Chemo + Hyperthermia for STS

In the Lancet Oncology - a phase III trial of chemo plus or minus hyperthermia is published resulting in a survival benefit.


[Articles] Neo-adjuvant chemotherapy alone or with regional hyperthermia for localised high-risk soft-tissue sarcoma: a randomised phase 3 multicentre study: "The optimum treatment for high-risk soft-tissue sarcoma (STS) in adults is unclear. Regional hyperthermia concentrates the action of chemotherapy within the heated tumour region. Phase 2 studies have shown that chemotherapy with regional hyperthermia improves local control compared with chemotherapy alone. We designed a parallel-group randomised controlled trial to assess the safety and efficacy of regional hyperthermia with chemotherapy."

Six fractions of RT per week for H&N

In Lancet Oncology this week a Phase III international trial comparing 5 vs 6 fractions of RT per week of H&N cancers demonstrates an improvement in local control (HR 0.63), comparable to the improvements seen with other altered fractionation, and significantly simpler than concominant boost or BID treatments.

Link below -

[Articles] Five versus six fractions of radiotherapy per week for squamous-cell carcinoma of the head and neck (IAEA-ACC study): a randomised, multicentre trial: "Several large randomised studies from western Europe and the USA have shown that accelerated fractionation of radiotherapy might be beneficial in the treatment of squamous-cell carcinoma of the head and neck (HNSCC). The aim of this study—the International Atomic Energy Agency (IAEA) ACC trial—was to determine whether accelerated fractionation could be applied in developing countries, where there are fewer therapeutic resources and where tumour burdens can be heavier."

Friday, May 21, 2010

Hypofractionated Radiotherapy for Breast Cancer: is Grade 3 an exclusion criteria

A very interesting letter to the editor in the NEJM about the Whelan Hypofractionation trial for breast cancer. In the manuscript, a subset analysis was performed suggesting that high grade cancers did worse with hypofractionation. In a letter, the investigators of the START A and B trial reanalyzed their data looking for a similar finding and found no difference, in fact the trend was for G3 cancers to do better with hypofx in their data set.

I have been shying away from hypofx in G3 patients until now, but this data will make me much more comfortable offering it to our patients.


Hypofractionated Radiotherapy for Breast Cancer:

Tuesday, May 4, 2010

JCO: Meta-Analysis of Concurrent Versus Sequential CTRT in NSCLC

In the JCO this week -

A meta-analysis from Auperin is published confirming a survival benefit from concurrent CTRT vs sequential chemo then RT, at the expense of acute esophageal symptoms. No surprise here, and concurrent CTRT has been the standard in our department for quite a while, however, it is good to have more data to support a new standard of care.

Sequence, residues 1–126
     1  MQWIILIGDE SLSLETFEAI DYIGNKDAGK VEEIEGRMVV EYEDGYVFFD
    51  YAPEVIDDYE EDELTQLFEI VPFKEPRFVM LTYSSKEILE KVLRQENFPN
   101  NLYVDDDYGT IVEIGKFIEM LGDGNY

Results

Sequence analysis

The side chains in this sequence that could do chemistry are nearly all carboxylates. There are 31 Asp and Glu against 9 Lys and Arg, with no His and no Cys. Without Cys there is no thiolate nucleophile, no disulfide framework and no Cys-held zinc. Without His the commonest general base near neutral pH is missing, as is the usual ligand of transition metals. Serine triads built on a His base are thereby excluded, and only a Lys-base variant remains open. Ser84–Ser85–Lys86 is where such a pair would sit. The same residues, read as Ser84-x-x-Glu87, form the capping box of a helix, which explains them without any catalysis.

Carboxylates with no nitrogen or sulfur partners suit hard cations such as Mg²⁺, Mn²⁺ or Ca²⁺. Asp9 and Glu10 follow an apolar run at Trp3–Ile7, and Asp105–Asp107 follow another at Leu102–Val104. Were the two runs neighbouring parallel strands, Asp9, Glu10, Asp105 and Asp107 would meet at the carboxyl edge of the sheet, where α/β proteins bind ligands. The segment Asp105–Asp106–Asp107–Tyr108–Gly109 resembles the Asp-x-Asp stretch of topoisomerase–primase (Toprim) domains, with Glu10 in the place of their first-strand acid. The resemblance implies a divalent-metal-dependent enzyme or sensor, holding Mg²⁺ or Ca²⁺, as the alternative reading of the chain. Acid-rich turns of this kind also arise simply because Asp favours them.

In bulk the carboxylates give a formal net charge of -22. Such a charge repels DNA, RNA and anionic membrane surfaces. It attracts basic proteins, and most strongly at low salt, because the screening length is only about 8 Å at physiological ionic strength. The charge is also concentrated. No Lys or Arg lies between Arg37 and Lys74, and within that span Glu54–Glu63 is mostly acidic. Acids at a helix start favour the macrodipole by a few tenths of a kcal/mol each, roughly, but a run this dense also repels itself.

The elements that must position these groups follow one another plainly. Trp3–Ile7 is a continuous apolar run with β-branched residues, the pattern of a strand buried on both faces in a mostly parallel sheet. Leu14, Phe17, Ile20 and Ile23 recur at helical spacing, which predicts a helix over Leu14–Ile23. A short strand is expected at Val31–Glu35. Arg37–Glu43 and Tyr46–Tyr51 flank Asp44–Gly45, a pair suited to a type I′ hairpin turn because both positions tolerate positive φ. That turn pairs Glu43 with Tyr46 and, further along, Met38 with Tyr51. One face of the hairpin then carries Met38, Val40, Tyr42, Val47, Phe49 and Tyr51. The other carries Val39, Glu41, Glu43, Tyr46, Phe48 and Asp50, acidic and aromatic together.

Link and Abstract

Meta-Analysis of Concomitant Versus Sequential Radiochemotherapy in Locally Advanced Non-Small-Cell Lung Cancer [Thoracic Oncology]: "Purpose

The previous individual patient data meta-analyses of chemotherapy in locally advanced non–small-cell lung cancer (NSCLC) showed that adding sequential or concomitant chemotherapy to radiotherapy improved survival. The NSCLC Collaborative Group performed a meta-analysis of randomized trials directly comparing concomitant versus sequential radiochemotherapy.


Systematic searches for trials were undertaken, followed by central collection, checking, and reanalysis of updated individual patient data. Results from trials were combined using the stratified log-rank test to calculate pooled hazard ratios (HRs). The primary outcome was overall survival; secondary outcomes were progression-free survival, cumulative incidences of locoregional and distant progression, and acute toxicity.


Of seven eligible trials, data from six trials were received (1,205 patients, 92% of all randomly assigned patients). Median follow-up was 6 years. There was a significant benefit of concomitant radiochemotherapy on overall survival (HR, 0.84; 95% CI, 0.74 to 0.95; P = .004), with an absolute benefit of 5.7% (from 18.1% to 23.8%) at 3 years and 4.5% at 5 years. For progression-free survival, the HR was 0.90 (95% CI, 0.79 to 1.01; P = .07). Concomitant treatment decreased locoregional progression (HR, 0.77; 95% CI, 0.62 to 0.95; P = .01); its effect was not different from that of sequential treatment on distant progression (HR, 1.04; 95% CI, 0.86 to 1.25; P = .69). Concomitant radiochemotherapy increased acute esophageal toxicity (grade 3-4) from 4% to 18% with a relative risk of 4.9 (95% CI, 3.1 to 7.8; P < .001). There was no significant difference regarding acute pulmonary toxicity.